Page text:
These incidents drew disbelief and wonder in India about the culture of rootedness and a system that reinforces that culture, and Indians couldn’t help but compare it with the system in India where VIP culture is the norm. Leave alone the prime minister or the president, even a bureaucrat’s offspring would have gotten away with much worse, and no cop would have dared touch him or her.
It is this rampant VIP culture in India that, until the Modi government put an end to the practice, every babu or a cop — not to speak of ministers — used to roam around with a flashing red beacon on their cars, blowing an almighty siren to let the world know about their importance. Ministers had heavy escort vehicles to add to the tamasha. And this VIP culture isn’t evident only on roads, but at every stratum of the society where name-dropping and influence-peddling is an unwritten rule.
Ministers, bureaucrats and even cops think nothing of using government resources such as housing or vehicles for personal use — be it shopping, dropping children to schools, or everyday chores. Squatting on plush Lutyens’ bungalows, even when out of power, is considered an inalienable right. Indians have adopted a culture where those in power are not only used to having their way in twisting the laws, but the public even expects them to do so. Amid this, it is refreshing to see the way the prime minister’s family members carry themselves, carefully avoiding all the trappings of power.
The snatching incident involving the prime minister’s niece has made headlines. Damayanti Ben Modi became the victim of a mugging incident recently in Delhi, that continues to remain a haven for street crimes, and after she reported the incident to the police, the culprits were duly caught. But what has gone unnoticed is the unassuming nature of not just the prime minister, but also his extended family. Highlighting this is important because where values such as humbleness, integrity, honesty and uprightness are displayed from the top, it sets an example for others to emulate.
In a country where being proximate or related to a leader is considered to be a free pass for tapping into the good life and enjoying the benefits of power, here one has the prime minister’s niece using the smallest of means to get around and conduct her everyday life. Damayanti Ben Modi and her father boarded a train from Amritsar, and then got into an autorickshaw from Old Delhi railway station to be ferried to the Gujrati Samaj Bhawan in Civil Lines where she had booked a room — not in any plush hotel. When she was mugged after alighting from the auto, Damayanti reported the incident to the police, never once mentioning her connection with the prime minister.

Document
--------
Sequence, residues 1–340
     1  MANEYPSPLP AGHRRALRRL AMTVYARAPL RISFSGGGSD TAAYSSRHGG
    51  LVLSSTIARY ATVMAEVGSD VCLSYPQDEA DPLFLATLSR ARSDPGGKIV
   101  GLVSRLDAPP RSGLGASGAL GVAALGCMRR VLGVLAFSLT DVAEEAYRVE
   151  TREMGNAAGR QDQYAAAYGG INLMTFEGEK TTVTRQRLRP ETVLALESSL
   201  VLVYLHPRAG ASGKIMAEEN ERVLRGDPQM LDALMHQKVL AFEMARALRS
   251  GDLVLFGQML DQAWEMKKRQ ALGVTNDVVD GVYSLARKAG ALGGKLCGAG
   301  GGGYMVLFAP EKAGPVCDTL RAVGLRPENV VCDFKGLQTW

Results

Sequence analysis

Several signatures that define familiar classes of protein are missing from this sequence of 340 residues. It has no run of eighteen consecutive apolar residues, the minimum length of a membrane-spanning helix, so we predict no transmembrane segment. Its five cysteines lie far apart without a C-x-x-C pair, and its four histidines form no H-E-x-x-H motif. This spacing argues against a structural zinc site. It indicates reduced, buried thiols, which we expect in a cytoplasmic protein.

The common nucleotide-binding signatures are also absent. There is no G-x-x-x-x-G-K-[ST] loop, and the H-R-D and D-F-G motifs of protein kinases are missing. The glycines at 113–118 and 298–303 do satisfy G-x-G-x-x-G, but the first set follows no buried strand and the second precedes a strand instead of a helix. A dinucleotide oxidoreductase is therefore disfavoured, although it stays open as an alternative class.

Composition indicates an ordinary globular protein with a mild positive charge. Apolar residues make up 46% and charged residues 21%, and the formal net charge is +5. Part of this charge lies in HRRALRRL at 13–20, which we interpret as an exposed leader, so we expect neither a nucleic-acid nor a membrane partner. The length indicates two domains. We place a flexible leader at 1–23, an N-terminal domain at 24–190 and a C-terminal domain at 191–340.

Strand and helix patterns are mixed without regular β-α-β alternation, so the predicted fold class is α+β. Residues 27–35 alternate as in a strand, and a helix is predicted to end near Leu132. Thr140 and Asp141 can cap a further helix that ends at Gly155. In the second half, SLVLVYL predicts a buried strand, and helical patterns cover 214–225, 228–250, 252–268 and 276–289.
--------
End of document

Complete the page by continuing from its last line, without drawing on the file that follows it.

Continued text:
The way the prime minister’s extended family shuns the limelight, restrains from exploiting their proximity to India’s most powerful political leader, gets around in public transport, stays in modest locations and carefully avoids the trappings of power, speaks volumes about family values and principles that have been inculcated into them since childhood. One has seen reports of the prime minister’s mother, 96-year-old Heeraben, standing in a queue to exchange her currency notes during demonetisation.
Democracy isn’t just about exercising one's franchise, it is a movement towards equality and building a system where — to quote from the prime minister’s words during Mann Ki Baat — every person is important (EIP) and no one is a VIP.
One hopes that as India matures as a democracy, the country will see more accountability, less exploitation of power and total erosion of the VIP culture. When the prime minister and his family members shun the lure of power and stay rooted to the ground, it sets the right example for others to follow. Hopefully, in New India, one may not have to look towards the UK or the US to understand how true democracy functions.